*.frm16 files are simple bitmap images, used for many things like UI elements, icons, minimaps, textures, portraits … In Lionheart, even more of them is actually embedded as frames in .SEQ16 and .MDL16 files. They use 16 bits per color and 8 bits for transparency (the older format probably used between 2 and 3 bits for transparency).
Supposedly they are cached form of .FRM files which in turn are created from .TGA files. To speed up loading, they do not use any JPEG-type compression like FRM files and use only RLE and 16bit colors. They reside in Cache/ subdir, which supports the theory. In some related games (Ricochet) it's allegedly possible to delete .FRM16 files and get them recreated automatically from FRM files. Unfortunately there are not any .FRM files in Lionheart.
FRM16 file consists of a header and up to five layers. Each layer consists of pixel data followed by a lookup table to first pixels of each image row.
Depending on a file type, pixels are either uncompressed (type 64), or RLE-compressed (file type 68). Only the type 68 allows transparency.
In the older incarnations of the format, layers were probably a way to encode alpha (transparency) in FRM16 files - the first layer would be opaque (possibly with fully transparent pixels in type 68), the second layer would be 80% opacity and so on with the fifth one being 20% opacity.
However in Lionheart the layers are used differently. If the image is type 68, the first layer is the same as above, but the second and third layers are never used. The fifth layer contains pixels which are semitransparent - but only their RGB colors. The alpha information for the fifth layer is in the fourth layer, but WITHOUT the RLE information. In other words, the alpha layer is unusable without the RGB one. It's stupid and makes incremental loading of type 68 images complicated.
Perhaps the 2nd and 3rd layers, unused in Lionheart, could be reused for height and normal maps for fake 3D effect (2.5D).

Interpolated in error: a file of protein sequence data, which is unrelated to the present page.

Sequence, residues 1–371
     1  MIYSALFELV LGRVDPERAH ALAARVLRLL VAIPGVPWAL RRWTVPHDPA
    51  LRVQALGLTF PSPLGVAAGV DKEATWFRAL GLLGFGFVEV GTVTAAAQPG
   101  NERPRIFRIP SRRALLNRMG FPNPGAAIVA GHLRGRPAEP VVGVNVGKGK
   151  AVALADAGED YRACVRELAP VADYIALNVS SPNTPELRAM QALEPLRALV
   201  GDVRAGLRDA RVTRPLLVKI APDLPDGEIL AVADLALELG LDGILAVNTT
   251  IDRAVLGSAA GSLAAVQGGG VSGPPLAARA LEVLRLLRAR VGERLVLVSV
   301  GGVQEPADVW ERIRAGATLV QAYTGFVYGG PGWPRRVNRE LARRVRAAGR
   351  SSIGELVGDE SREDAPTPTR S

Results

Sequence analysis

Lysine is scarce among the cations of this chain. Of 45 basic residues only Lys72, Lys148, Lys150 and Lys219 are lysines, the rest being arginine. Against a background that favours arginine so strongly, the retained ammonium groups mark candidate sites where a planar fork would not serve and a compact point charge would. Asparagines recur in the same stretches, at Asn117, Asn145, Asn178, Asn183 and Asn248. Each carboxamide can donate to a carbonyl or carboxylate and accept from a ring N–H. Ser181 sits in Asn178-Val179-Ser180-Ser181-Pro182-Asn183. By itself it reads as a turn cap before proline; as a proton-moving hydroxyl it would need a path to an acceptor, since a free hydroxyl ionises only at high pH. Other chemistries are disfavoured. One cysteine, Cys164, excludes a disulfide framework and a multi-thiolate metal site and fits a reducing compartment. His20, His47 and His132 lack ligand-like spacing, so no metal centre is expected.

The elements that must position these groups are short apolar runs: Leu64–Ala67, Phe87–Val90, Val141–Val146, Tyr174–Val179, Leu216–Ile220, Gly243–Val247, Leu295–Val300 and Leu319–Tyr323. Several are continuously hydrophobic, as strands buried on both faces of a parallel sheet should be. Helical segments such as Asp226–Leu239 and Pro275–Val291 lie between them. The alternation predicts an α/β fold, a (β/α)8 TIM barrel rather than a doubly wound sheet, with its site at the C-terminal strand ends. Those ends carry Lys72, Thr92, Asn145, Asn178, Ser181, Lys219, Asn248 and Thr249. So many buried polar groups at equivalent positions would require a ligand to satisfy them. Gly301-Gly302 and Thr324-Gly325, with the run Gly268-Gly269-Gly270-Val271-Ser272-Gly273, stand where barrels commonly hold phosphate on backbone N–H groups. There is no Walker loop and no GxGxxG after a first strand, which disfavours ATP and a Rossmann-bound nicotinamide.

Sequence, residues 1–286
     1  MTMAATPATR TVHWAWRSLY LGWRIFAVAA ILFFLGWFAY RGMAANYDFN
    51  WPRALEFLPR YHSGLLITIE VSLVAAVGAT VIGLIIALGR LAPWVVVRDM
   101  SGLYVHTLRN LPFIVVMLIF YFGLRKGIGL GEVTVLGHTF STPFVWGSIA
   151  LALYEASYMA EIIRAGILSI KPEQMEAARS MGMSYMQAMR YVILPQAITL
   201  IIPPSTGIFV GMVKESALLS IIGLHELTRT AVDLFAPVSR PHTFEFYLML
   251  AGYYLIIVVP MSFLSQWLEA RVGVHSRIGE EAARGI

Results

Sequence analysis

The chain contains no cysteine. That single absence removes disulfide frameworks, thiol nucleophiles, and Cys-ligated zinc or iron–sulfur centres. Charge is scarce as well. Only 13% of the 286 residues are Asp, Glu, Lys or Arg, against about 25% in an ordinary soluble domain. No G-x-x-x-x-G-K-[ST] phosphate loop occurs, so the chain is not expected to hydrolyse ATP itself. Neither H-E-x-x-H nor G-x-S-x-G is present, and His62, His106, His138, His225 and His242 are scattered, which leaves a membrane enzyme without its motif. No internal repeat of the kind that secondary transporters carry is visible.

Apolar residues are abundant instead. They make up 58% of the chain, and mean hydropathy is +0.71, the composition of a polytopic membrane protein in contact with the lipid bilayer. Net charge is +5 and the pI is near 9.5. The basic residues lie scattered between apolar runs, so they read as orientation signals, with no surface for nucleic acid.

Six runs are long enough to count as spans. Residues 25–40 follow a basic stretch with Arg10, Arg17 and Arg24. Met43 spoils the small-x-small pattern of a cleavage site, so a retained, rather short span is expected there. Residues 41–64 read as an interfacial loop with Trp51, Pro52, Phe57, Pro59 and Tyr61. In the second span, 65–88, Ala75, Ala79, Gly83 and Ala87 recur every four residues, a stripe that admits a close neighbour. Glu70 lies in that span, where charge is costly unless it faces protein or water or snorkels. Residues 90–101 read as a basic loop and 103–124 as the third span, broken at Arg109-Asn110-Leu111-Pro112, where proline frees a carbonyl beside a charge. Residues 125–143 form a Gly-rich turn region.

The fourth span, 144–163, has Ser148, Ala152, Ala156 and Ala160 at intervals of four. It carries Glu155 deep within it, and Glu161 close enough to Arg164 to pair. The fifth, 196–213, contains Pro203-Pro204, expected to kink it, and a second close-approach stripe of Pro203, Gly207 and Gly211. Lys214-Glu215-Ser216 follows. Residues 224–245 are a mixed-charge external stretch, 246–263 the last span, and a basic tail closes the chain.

Header (36 bytes)
|0x06||2||Width in pixels (portraits = 90, areas = 779)|
|0x08||2||Height in pixels (portraits = 111, areas = 330)|
|0x0a||2||Flags? Either 0 (normal) or 107 (immediate)|
|0x0c||2||Type (64 or 68)|
|0x0e||2||Unknown, possibly padding, always 0 in standalone files|
|0x10||4||Bitmap size for the 1st, opaque layer|
|0x14||4||Bitmap size for the 2nd layer, unused|
|0x18||4||Bitmap size for the 3rd layer, unused|
|0x1c||4||Bitmap size for the 4th layer, alpha|
|0x20||4||Bitmap size for the 5th layer, RGB|
Each layer consists of a bitmap and a scanline lookup table (LUT).
Pixel color is encoded as a 16bit word, with a 5-6-5 RGB encoding. : How are fully transparent pixels encoded?
Type 64 files do not use any compression. Each bitmap consists of width x height pixels of 2 bytes each.
Type 68 FRM16 files use Run Length Encoding, RLE. Each bitmap line consists of variable number of pixel runs. The RLE scheme uses two highest bits in the first byte of each run. If bit 7 is set, bits 0-6 contain number of pixels to skip in the resulting image. If bit 7 is clear and bit 6 is set, bits 0-5 contain number of 16bit pixels which follow. If both bits 7 and 6 are cleared, bits 0-5 contain a number of repetitions of the following 16 bit pixel.
81 42 ff fe ff fc 05 00 00
would result in
__ __ ff fe ff fc 00 00 00 00 00 00 00 00 00 00
(First one pixel (0x81 & 0x7f) is skipped, then two (0x42 & 0x3f) whitish pixels are copied, then a black pixel is copied 5 times)
In type 68 files, the first 4 bytes in a bitmap is a DWORD containing bitmap's size in bytes. Since LUT's size is known (2 * height), it allows to read or skip the bitmap or whole layer without decoding it. However, the same number is already in the header, so its usefullness is unclear.
Array of 32bit indices into bitmap pointing to beginnings of each bitmap scanline. The first index is 0 in type 64 files, 4 in type 68 files.
|0x00||4||Offset of the 1st scanline (0 in type 64 files, 4 in type 68 files)|
|0x04||4||Offset of the 2nd scanline|
|height * 4 - 4||4||Offset of the last scanline|
[: quotes on FRM/FRM16 and JPEG-like compression] [: links to convertors by Balder, Miloch, …]